When the decision was made to add solar panels, Cham said it wasn’t disruptive because the project was far enough along that retrofits weren’t needed.

“It was clear that the building in it of itself would not get to gold initially, “Genick said. “It was a political decision to push the limits to go for the higher rating.”

The addition of solar panels made up for shortfalls in the physical building’s sustainability because Genick said you can get more LEED points by adding to the size of onsite alternative energy production.

“So, once the decision was made to go for LEED Gold it wasn’t a risky decision because we wanted to make sure we absolutely get there,” he said.

Cham and Genick said they had considered solar canopies over the parking area and the main roof of the facility, but they were determined to not be part of the facility.

“They really wanted to showcase it was worth going for and after we did our studies and determined it could be done without impacting the schedule it was a no-brainer,” Cham said.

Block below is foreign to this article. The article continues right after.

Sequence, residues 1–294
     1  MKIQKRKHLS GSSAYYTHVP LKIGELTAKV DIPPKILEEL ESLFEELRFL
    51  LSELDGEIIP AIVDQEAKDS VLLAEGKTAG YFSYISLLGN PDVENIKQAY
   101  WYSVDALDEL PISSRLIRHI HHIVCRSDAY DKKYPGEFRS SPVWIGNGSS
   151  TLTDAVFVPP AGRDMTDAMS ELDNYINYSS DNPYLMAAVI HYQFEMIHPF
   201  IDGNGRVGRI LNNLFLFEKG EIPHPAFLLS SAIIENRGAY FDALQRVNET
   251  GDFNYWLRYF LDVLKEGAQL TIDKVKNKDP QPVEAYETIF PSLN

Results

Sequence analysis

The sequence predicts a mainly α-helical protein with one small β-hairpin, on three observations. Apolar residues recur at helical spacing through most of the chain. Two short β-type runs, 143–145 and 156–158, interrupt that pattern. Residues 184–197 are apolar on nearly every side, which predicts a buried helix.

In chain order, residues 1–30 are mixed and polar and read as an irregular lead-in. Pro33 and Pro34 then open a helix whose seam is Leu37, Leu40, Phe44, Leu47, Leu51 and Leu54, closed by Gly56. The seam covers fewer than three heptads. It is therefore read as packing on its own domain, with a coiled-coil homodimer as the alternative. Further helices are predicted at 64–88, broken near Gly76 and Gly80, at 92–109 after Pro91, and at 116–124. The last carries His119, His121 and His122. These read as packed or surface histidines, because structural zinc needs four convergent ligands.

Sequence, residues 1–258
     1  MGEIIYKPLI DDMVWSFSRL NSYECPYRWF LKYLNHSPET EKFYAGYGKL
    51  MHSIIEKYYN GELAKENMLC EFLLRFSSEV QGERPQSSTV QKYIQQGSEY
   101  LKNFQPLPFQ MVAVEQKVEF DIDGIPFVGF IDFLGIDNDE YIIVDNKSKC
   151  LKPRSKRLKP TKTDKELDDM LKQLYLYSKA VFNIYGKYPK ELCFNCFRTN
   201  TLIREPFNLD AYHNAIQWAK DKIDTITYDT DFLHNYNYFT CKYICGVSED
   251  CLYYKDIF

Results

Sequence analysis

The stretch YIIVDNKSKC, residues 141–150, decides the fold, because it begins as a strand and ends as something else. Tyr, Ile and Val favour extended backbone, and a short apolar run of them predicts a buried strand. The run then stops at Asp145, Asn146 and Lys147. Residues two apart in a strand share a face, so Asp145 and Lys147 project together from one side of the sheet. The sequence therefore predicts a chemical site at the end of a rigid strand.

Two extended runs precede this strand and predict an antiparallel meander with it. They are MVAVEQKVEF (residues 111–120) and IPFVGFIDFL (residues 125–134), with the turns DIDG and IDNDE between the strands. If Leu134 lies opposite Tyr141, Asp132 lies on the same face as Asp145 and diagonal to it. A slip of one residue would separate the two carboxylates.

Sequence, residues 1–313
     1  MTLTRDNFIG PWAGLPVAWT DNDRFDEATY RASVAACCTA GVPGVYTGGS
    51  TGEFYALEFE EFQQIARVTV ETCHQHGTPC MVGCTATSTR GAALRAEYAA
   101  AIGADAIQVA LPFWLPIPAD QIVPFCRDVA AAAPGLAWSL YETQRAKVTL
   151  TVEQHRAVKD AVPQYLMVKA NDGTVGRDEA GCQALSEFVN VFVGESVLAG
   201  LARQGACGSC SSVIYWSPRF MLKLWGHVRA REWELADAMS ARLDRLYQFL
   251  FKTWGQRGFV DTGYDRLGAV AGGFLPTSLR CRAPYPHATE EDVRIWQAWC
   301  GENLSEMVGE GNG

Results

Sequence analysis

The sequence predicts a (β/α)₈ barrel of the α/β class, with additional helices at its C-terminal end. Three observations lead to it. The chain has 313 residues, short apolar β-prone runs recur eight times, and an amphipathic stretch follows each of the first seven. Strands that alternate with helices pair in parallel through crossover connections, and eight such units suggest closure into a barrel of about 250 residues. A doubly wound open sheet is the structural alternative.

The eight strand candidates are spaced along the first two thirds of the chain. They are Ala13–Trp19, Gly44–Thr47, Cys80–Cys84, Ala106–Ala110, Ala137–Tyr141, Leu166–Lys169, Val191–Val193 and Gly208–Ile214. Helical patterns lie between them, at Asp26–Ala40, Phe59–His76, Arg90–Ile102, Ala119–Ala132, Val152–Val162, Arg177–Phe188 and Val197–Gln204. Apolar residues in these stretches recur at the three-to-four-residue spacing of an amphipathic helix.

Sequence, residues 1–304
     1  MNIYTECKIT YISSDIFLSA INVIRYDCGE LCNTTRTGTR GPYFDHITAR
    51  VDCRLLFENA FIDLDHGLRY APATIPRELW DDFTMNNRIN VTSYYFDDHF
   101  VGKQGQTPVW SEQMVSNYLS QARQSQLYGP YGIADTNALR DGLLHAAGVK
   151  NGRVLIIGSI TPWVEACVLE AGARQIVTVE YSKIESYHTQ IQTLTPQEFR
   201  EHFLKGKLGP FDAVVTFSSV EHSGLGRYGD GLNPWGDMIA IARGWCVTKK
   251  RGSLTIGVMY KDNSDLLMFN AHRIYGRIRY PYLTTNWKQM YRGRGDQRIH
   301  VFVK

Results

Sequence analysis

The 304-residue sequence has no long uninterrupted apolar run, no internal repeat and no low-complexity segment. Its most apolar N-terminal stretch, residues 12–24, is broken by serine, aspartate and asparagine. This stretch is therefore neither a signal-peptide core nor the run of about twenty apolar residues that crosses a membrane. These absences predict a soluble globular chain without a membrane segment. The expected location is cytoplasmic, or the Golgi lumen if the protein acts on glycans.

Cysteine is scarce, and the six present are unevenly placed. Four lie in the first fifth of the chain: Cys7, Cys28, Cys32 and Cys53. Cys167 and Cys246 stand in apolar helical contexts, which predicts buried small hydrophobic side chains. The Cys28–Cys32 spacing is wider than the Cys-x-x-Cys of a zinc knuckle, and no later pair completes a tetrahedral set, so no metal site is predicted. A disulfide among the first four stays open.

The solar canopy did push LEED Gold status on the facility, but Balian said there were some concerns about what it could do to the look of the campus.

“We didn’t want it to look like weird cables all over the place and we didn’t want it to look like an afterthought. We wanted it to look good,” Balian said. It’s very visible from the 210 where you can look down into this large campus, so they assured us when the design work went to the board that it was basically the right time to do something like this and a good enhancement to the structure.” 

Burner said the panels were able to fit in the budget and ended up looking nice, using a slightly translucent material so people can partially see through them when the sun is out. The authority was also pleased it didn’t mess with the schedule.

“It went pretty smoothly. It’s a triangle shaped canopy, not like a flat roof,” Burner said. “I was concerned on how they were going to be able to build it, how it was going to flow and look contiguous, not sort of pieced together, but the way they installed the panels, it looks good, it look contiguous, not uneven or disjointed at all.

“It was built pretty fast too.”

A Creative Look at Train Operations

Genick said once the decision was made to go for gold certification and the construction authority was on board, planners had to reach out to Metro because it will be the final owner-operator of the facility.